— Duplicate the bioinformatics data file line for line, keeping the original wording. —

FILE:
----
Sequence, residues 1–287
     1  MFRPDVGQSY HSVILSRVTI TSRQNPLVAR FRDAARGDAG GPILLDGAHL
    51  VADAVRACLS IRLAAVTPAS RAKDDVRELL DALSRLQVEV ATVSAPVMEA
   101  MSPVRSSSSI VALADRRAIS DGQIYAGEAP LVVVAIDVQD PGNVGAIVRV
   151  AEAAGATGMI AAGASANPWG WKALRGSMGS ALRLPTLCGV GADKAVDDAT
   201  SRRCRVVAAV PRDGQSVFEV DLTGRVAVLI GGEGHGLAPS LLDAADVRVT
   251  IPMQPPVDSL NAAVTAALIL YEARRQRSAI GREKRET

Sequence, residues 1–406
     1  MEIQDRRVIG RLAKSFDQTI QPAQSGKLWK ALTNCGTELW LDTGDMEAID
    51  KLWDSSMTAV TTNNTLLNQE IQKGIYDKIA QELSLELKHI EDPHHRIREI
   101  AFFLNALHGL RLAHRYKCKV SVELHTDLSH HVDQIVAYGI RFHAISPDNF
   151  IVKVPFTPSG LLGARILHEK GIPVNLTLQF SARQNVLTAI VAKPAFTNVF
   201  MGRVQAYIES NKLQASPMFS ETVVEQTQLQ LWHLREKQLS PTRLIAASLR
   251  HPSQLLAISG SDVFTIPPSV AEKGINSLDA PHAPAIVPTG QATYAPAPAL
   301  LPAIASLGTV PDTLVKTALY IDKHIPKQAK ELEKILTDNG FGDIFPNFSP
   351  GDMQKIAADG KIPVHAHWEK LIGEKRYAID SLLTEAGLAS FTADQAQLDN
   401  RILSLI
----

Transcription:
Sequence, residues 1–287
     1  MFRPDVGQSY HSVILSRVTI TSRQNPLVAR FRDAARGDAG GPILLDGAHL
    51  VADAVRACLS IRLAAVTPAS RAKDDVRELL DALSRLQVEV ATVSAPVMEA
   101  MSPVRSSSSI VALADRRAIS DGQIYAGEAP LVVVAIDVQD PGNVGAIVRV
   151  AEAAGATGMI AAGASANPWG WKALRGSMGS ALRLPTLCGV GADKAVDDAT
   201  SRRCRVVAAV PRDGQSVFEV DLTGRVAVLI GGEGHGLAPS LLDAADVRVT
   251  IPMQPPVDSL NAAVTAALIL YEARRQRSAI GREKRET

Sequence, residues 1–406
     1  MEIQDRRVIG RLAKSFDQTI QPAQSGKLWK ALTNCGTELW LDTGDMEAID
    51  KLWDSSMTAV TTNNTLLNQE IQKGIYDKIA QELSLELKHI EDPHHRIREI
   101  AFFLNALHGL RLAHRYKCKV SVELHTDLSH HVDQIVAYGI RFHAISPDNF
   151  IVKVPFTPSG LLGARILHEK GIPVNLTLQF SARQNVLTAI VAKPAFTNVF
   201  MGRVQAYIES NKLQASPMFS ETVVEQTQLQ LWHLREKQLS PTRLIAASLR
   251  HPSQLLAISG SDVFTIPPSV AEKGINSLDA PHAPAIVPTG QATYAPAPAL
   301  LPAIASLGTV PDTLVKTALY IDKHIPKQAK ELEKILTDNG FGDIFPNFSP
   351  GDMQKIAADG KIPVHAHWEK LIGEKRYAID SLLTEAGLAS FTADQAQLDN
   401  RILSLI